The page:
On April 30, 2014, the United States Court of Federal Claims granted Space Exploration Technologies Corp.’s (“SpaceX”) motion for a preliminary injunction prohibiting the United States Air Force and United Launch Services, LLC (ULS), a joint venture between The Boeing Company and Lockheed Martin Corporation, and their affiliates, from making any purchases from or payment to the Russian company NPO Energomash, or any other entity subject to the “control” of Russian Deputy Prime Minister Dmitry Rogozin, unless the court receives the opinion of the U.S. Departments of the Treasury, Commerce and State that such purchases or payments will not directly or indirectly contravene U.S. sanctions. The court’s application of a “control” test differs from the 50 percent or greater “ownership” test that the Office of Foreign Assets Control (OFAC) uses to extend Specially Designated Nationals (SDN) status to affiliates of SDNs by operation of law. It therefore sets up potential confusion as to which test applies.

The injunction stems from SpaceX’s complaint that the Air Force and ULS are purchasing RD-180 rocket engines manufactured by NPO Energomash for use in the Air Force’s Evolved Expendable Launch Vehicle (EELV) Program. SpaceX’s complaint alleges that NPO Energomash is owned and controlled by the Russian government, and that it is thus controlled by Russia’s Deputy Prime Minister Dmitry Rogozin, the head of the Russian defense industry and the Russian space program. Rogozin was designated as an SDN on March 16, 2014, pursuant to Executive Order No. 13661, which declares that:

All property and interests in property [of Deputy Prime Minister Rogozin] that are in the United States, that hereafter come within the United States, or that are or hereafter come within the possession or control of any United States person (including any foreign branch) . . . are blocked and may not be transferred, paid, exported, withdrawn, or otherwise dealt in[.]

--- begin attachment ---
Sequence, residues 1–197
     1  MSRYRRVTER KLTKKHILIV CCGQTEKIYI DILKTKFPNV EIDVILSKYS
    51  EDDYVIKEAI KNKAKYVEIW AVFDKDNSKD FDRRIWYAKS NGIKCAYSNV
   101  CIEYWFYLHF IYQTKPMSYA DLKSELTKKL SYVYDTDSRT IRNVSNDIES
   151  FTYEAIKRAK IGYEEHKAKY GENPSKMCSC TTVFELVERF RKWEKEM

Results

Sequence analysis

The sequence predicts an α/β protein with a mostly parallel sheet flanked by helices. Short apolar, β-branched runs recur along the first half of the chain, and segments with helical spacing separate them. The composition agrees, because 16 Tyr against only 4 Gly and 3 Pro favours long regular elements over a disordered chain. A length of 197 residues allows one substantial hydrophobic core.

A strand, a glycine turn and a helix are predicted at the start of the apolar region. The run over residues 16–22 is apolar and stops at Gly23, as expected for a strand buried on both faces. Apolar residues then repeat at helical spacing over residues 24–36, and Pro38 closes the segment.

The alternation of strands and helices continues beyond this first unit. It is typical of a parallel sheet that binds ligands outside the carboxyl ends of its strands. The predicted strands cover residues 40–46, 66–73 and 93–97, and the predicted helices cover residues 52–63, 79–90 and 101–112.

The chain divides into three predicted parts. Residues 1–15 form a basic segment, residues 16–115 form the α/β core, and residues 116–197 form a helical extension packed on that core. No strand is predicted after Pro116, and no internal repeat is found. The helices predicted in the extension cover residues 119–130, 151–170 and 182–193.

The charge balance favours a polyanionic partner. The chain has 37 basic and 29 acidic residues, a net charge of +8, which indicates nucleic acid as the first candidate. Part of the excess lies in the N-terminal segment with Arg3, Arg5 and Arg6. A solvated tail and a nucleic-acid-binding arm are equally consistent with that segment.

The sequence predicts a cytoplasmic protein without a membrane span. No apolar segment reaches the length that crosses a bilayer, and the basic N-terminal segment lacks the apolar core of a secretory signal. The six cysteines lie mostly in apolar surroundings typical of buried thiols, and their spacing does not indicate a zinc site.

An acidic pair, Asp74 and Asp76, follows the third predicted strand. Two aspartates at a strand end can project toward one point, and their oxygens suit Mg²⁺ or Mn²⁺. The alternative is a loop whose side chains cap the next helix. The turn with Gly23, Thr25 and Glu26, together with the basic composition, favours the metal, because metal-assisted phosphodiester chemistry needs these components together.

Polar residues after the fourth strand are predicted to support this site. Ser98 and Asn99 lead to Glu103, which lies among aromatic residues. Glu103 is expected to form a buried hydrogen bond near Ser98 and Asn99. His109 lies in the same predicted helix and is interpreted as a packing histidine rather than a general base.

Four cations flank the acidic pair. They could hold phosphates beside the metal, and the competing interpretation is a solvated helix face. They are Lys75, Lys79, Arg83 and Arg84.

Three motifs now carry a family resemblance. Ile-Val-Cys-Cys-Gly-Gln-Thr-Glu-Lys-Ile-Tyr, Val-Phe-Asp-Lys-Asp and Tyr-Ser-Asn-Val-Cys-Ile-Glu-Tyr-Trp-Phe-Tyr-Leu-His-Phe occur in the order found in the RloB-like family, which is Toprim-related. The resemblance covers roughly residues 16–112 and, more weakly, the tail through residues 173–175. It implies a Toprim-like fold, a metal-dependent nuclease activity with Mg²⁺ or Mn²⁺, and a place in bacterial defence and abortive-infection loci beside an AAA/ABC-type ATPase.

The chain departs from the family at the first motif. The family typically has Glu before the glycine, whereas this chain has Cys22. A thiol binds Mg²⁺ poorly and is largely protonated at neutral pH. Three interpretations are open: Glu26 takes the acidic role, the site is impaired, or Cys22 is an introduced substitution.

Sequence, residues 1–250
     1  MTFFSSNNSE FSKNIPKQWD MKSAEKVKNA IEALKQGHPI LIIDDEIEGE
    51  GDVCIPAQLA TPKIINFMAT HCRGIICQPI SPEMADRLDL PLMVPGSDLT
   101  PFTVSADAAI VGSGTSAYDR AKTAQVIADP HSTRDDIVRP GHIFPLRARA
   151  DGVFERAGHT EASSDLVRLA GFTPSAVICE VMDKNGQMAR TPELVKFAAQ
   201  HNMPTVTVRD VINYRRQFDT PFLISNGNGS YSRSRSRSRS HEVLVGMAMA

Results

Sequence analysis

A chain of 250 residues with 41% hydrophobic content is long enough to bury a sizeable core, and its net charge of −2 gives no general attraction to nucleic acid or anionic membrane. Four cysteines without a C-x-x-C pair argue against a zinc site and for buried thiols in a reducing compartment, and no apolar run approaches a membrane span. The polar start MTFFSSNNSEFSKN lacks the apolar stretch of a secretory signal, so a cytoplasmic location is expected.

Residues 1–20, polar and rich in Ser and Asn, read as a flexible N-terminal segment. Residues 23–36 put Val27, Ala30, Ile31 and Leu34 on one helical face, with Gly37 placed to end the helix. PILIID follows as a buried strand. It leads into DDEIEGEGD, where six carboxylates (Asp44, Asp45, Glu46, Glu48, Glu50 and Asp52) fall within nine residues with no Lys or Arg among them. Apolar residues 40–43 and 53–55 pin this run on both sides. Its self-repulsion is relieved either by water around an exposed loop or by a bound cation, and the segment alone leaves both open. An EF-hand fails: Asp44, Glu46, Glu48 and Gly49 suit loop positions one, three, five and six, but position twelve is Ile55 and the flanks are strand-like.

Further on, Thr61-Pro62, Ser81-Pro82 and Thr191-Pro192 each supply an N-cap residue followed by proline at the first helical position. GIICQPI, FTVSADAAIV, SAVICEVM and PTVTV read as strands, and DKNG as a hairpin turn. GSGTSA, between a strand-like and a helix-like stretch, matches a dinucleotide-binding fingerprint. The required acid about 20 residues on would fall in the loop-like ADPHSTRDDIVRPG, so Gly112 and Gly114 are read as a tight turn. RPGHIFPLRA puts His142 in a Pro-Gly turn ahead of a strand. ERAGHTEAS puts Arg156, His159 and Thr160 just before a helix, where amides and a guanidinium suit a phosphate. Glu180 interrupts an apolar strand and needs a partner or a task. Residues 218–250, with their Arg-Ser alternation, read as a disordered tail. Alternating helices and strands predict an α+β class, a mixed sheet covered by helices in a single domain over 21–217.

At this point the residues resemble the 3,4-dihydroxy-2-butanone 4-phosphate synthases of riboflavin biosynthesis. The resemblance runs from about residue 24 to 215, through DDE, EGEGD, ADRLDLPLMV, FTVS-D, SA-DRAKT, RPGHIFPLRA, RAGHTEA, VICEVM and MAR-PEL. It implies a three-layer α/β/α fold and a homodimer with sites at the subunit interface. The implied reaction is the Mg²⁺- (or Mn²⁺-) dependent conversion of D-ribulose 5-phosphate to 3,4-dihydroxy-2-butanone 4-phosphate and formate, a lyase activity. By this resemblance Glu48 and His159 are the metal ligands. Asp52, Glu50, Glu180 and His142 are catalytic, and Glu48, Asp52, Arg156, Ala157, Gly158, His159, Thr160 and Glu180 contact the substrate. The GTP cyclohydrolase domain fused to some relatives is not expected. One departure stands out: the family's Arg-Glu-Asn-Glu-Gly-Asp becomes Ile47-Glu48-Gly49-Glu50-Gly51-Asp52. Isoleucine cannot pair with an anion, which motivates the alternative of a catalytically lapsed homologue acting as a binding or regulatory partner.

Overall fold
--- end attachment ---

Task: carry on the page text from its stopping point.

While Executive Order No. 13661 does not explicitly prohibit the activities described above, the Court of Federal Claims found that “the public interest and national defense and security concerns that underlie Executive Order No. 13661 warrant issuance of a preliminary injunction in this case…” (emphasis added). This injunction may have a significant impact on the EELV Program and other defense projects that utilize Russian components, but otherwise the implications of the ruling are limited. The Court of Federal Claims is a court of limited, specialized jurisdiction, and this injunction only applies to Air Force and ULS dealings with entities controlled by Deputy Prime Minister Rogozin. It is clear that the Court of Federal Claims understands that primary authority to interpret and apply U.S. sanctions falls outside the judiciary, as the injunction will be lifted if and when Treasury, Commerce and State opine that transactions covered by the injunction do not contravene Executive Order No. 13661.

At the end of the day, OFAC is the implementing and enforcing agency that matters, and OFAC has made a point of issuing narrow, targeted sanctions against Russia. Unless OFAC announces otherwise, OFAC’s position remains unchanged and the 50 percent or greater “ownership” test—not a “control” test—applies. It remains to be seen how long it will take for OFAC, Commerce and State to weigh in on this particular case, but companies whose activities are unrelated to U.S. government procurement of Russian goods, while needing to remain abreast of OFAC’s evolving approach to sanctions, should not be affected by this ruling